Canada adds new jobs overall, but loses full-time work
Andy Blatchford, The Canadian Press
Published Friday, March 9, 2018 8:39AM EST
Last Updated Friday, March 9, 2018 1:42PM EST
OTTAWA -- The economy got a job-creation lift last month that nudged the unemployment rate back down to match its all-time low of 5.8 per cent -- but a closer look reveals a rush of part-time work and a big decline in full-time positions.
Statistics Canada's latest labour force survey, released Friday, showed the country lost 39,300 full-time jobs and generated 54,700 part-time positions in February. It also found the job gains were driven by an increase of 50,300 in public-sector jobs.
The national unemployment rate slipped from 5.9 per cent in January to 5.8 per cent -- to match its lowest level since the agency started measuring it in 1976. The jobless rate has only fallen to 5.8 per cent twice during that time, once in 2007 and again in December.
Looking back, the job market added 282,500 positions for a 1.5 per cent expansion over the past 12 months -- with growth entirely due to full-time work. Canada's year-over-year job creation last month showed signs of moderation after the number climbed above 420,000 positions in December.
Experts, including the Bank of Canada, have been expecting the job market's red-hot pace from last year to cool, along with the rest of the economy as it approaches full capacity.
Manulife Asset Management senior economist Frances Donald said there's very little in the jobs report that will rock the boat -- and she added that in itself is very important.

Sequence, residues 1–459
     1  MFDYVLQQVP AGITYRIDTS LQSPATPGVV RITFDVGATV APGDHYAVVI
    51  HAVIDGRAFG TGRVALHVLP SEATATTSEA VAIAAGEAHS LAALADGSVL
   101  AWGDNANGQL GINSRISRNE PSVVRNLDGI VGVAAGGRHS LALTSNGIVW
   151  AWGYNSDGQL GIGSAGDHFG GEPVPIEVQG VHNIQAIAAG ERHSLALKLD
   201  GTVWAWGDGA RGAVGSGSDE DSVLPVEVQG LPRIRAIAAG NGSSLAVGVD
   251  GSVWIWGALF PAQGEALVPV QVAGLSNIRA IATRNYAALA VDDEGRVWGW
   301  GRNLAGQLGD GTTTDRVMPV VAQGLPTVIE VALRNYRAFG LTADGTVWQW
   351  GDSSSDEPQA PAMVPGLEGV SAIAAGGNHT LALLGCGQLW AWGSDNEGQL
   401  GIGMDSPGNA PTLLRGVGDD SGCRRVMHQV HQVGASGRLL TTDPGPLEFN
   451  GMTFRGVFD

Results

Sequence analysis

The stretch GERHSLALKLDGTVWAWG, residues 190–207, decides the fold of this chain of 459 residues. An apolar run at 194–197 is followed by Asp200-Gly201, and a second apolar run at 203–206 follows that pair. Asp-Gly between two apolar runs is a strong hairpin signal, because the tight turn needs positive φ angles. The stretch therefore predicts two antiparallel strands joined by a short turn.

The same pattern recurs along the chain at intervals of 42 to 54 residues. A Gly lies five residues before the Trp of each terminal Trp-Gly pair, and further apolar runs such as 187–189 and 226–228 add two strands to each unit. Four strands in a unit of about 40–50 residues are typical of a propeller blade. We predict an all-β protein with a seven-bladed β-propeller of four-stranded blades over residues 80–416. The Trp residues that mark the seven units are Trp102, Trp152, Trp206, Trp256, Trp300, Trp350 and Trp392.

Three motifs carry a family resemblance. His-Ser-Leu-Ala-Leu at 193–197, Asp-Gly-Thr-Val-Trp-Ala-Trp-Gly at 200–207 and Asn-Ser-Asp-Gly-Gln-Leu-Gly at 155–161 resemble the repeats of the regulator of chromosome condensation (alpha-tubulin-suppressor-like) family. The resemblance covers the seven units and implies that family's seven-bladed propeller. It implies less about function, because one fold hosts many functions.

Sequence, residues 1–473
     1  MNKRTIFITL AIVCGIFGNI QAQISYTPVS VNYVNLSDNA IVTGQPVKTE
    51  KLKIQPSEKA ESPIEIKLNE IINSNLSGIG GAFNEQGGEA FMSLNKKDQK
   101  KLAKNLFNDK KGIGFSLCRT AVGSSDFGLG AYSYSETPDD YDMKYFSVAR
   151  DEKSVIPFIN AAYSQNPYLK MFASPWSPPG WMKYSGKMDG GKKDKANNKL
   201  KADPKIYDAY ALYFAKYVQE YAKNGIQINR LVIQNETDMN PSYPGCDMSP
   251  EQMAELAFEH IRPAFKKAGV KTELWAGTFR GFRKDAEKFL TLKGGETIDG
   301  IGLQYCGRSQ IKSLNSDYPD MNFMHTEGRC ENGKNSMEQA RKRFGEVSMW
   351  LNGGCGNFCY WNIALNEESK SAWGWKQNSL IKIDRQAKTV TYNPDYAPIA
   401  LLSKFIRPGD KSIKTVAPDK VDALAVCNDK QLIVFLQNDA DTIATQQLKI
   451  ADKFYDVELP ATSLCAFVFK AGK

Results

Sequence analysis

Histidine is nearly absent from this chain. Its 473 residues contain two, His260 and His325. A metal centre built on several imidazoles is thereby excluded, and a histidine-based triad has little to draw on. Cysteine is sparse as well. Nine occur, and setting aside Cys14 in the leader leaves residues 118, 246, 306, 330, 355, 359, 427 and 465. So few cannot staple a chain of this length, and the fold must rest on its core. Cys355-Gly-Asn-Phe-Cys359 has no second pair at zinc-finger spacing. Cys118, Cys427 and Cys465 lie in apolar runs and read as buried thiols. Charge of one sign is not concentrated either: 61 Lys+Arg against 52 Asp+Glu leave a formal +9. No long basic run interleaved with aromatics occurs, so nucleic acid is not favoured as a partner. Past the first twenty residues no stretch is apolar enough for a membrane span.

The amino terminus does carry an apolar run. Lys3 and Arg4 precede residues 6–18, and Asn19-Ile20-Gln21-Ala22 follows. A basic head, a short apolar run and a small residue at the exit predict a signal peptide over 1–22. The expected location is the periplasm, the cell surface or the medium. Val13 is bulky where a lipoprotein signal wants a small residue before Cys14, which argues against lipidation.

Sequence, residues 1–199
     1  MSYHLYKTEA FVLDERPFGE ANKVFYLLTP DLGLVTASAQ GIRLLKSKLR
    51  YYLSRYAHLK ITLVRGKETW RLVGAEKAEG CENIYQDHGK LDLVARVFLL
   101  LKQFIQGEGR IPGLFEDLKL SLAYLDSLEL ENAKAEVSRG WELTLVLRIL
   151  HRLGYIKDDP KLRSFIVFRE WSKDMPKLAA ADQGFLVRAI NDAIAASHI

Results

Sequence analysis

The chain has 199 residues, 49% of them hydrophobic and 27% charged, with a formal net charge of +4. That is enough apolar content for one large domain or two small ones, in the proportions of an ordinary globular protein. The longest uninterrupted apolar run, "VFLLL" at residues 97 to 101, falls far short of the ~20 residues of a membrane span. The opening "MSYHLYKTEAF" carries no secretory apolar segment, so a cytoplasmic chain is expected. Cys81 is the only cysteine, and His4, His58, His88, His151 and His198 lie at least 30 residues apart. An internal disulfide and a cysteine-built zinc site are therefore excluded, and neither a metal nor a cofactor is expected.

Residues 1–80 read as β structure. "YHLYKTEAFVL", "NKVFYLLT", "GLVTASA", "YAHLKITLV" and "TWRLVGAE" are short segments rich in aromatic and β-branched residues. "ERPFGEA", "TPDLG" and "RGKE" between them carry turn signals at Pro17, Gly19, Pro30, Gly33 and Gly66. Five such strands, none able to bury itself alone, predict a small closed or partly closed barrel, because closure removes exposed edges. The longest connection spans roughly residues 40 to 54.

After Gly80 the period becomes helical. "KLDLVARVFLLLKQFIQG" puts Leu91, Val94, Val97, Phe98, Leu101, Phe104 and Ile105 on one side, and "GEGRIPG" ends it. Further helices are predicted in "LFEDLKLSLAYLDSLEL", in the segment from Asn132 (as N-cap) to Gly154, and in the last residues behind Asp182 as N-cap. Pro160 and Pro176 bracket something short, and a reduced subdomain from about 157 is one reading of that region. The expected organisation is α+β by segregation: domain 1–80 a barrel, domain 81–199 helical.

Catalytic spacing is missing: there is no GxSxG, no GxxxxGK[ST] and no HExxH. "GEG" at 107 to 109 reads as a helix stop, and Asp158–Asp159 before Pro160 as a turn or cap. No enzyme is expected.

"These jobs numbers fit quite well into the Bank of Canada's cautiously optimistic Canadian narrative," Donald said.
"The Canadian job market, just like the broader economy, is decelerating somewhat, but it's coming back down to earth in what we might consider a more-reasonable pace of gains with fewer distortions."
Donald underlined a couple of key indicators from the jobs report -- the upward trend for hours worked, which suggests continued strong demand for labour in the economy, and average wage growth that's still hovering around three per cent, which suggests more Canadians are benefiting from the healthier market.
Average hourly wage growth, which is under close watch by the Bank of Canada ahead of interest-rate decisions, stayed solid at 3.1 per cent. In January, wage growth hit 3.3 per cent following a steady flow of monthly increases after the indicator bottomed out at 0.5 per cent last April.
"At 3.1 per cent in February, wage growth posted a fourth consecutive month above its longer-term average of 2.6 per cent," Sherry Cooper, chief economist for Dominion Lending Centres, wrote in a research note.
Cooper said the February reading won't set off inflation warnings for the Bank of Canada, which noted this week that wage growth is still below what it considers a normal level for an economy without labour market slack.
"This suggests the bank will maintain its cautious stance," she said.
Earlier this week, the central bank highlighted wage growth as one of the key data points that it will scrutinize ahead of future rate decisions. The Bank of Canada kept its trend-setting rate at 1.25 per cent on Wednesday after introducing three hikes since last summer.